A year after being part of the team who broke the initial story at The Eyeopener, I’m in a unique position: I’m currently a reporter at the Ryersonian, and I’m still covering the story on what feels like a daily basis. Despite what you might have heard about an Eye-Sonian rivalry, I can honestly tell you that both newsrooms are full of hardworking student journalists who are doing their best to hold people in power accountable.  

In the wake of Ryerson terminating their operating agreement with the RSU, a lot of people online, including many journalists, were congratulating The Eyeopener on “bringing down” the RSU. As one of the reporters who has been following this story from the beginning, I want to make it clear that it was never my intention to “bring down” a student government. As soon as I read about Ryerson’s decision, I was worried about the people employed by the RSU, and the equity service centres that do incredibly important work for students and community members. Many of these people spent the last year advocating for their importance in lightof the provincial government’s introduction of the Student Choice Initiative, which with the potential reduced funding, posed a huge threat to campus papers like the one that broke the RSU story in the first place.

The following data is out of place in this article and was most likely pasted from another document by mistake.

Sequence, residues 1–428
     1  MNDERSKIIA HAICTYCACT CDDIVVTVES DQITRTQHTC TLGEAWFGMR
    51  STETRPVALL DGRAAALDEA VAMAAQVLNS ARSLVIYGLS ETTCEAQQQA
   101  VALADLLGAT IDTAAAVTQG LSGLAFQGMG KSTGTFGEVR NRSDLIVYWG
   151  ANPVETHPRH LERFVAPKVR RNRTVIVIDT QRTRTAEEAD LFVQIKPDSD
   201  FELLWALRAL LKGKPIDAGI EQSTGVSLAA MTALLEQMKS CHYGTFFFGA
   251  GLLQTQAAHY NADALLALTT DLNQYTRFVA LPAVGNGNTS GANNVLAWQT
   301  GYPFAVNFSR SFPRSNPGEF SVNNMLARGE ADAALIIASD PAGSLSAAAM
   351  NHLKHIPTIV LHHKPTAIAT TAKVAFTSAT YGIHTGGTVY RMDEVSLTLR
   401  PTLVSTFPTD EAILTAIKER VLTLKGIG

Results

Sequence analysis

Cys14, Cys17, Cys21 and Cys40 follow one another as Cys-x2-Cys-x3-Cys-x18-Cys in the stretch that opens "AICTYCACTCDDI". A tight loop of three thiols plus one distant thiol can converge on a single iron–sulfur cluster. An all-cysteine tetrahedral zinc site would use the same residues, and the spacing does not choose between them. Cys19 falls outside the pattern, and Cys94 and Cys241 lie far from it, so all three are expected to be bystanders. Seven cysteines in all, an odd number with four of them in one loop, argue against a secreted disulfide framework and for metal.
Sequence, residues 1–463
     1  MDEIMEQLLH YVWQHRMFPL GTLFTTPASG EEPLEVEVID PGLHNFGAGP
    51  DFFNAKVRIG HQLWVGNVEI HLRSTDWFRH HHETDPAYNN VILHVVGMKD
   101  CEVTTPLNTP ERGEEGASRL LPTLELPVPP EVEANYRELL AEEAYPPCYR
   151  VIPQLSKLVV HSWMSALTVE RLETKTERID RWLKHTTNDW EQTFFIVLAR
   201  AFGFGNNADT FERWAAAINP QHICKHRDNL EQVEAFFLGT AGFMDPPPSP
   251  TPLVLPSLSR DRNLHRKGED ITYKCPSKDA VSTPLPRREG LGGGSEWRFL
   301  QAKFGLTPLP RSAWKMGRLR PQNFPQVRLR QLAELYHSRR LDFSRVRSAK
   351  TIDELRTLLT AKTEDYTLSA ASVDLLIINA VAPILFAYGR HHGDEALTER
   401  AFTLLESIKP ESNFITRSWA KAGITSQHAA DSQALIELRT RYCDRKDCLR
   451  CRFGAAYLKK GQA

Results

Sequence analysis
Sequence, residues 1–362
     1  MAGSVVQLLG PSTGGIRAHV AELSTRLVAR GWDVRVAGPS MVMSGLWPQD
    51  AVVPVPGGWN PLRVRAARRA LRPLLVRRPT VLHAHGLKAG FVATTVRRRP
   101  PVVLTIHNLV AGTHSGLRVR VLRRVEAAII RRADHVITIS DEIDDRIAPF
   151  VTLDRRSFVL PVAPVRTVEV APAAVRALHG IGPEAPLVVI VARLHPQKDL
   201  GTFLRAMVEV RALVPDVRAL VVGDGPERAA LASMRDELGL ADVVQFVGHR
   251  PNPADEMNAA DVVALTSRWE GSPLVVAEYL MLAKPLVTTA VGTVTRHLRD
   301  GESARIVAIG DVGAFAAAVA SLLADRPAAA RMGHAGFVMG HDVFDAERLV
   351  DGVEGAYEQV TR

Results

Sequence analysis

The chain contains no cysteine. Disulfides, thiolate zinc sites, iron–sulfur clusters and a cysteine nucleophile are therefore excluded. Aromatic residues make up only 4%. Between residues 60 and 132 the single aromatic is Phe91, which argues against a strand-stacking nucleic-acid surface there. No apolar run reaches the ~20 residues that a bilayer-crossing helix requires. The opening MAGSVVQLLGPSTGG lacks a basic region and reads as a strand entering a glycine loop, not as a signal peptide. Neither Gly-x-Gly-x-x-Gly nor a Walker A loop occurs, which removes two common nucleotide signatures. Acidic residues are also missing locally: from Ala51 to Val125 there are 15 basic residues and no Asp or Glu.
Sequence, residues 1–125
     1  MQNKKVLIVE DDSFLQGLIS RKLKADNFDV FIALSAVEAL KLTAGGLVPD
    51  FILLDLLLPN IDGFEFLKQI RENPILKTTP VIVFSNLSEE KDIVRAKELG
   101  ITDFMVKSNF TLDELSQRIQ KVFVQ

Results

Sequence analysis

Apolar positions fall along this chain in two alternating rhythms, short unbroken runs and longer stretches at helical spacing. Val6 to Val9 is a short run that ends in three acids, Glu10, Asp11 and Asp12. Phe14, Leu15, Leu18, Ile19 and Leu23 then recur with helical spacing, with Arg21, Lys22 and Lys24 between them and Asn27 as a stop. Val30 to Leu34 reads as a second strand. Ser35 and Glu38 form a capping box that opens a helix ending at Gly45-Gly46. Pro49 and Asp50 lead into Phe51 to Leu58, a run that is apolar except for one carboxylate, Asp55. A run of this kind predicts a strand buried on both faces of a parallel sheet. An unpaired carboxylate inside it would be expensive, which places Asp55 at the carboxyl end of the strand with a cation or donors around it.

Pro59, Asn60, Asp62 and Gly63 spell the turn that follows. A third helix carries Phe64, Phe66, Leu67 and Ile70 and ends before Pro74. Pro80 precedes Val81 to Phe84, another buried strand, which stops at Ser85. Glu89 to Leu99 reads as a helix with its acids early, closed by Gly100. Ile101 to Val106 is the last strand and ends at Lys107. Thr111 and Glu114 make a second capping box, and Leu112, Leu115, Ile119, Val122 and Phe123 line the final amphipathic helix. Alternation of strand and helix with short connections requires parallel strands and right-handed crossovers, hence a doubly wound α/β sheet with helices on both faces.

The Eyeopener in particular has been working hard this year, external link to develop a closer relationship with the groups it covers on campus. The paper held an equity reporting workshop last week aimed at hearing from the students on campus who it covers. Student newsrooms are a model for better, more diverse, mainstream media newsrooms, as The Varsity editor-in-chief wrote for CANADALAND, external link. Student newsrooms, like both The Eyeopener and the Ryersonian, show what is possible in journalism: not just investigations into a politician’s finances, but also listening to sources.